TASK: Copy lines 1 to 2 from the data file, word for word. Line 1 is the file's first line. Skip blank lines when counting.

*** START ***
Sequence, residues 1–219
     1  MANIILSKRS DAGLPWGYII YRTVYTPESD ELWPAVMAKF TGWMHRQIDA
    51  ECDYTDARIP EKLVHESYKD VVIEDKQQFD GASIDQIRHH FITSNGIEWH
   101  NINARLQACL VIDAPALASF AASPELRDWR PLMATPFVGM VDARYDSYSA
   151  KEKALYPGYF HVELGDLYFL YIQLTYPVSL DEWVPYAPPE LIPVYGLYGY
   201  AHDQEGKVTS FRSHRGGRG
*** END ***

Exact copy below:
Sequence, residues 1–219
     1  MANIILSKRS DAGLPWGYII YRTVYTPESD ELWPAVMAKF TGWMHRQIDA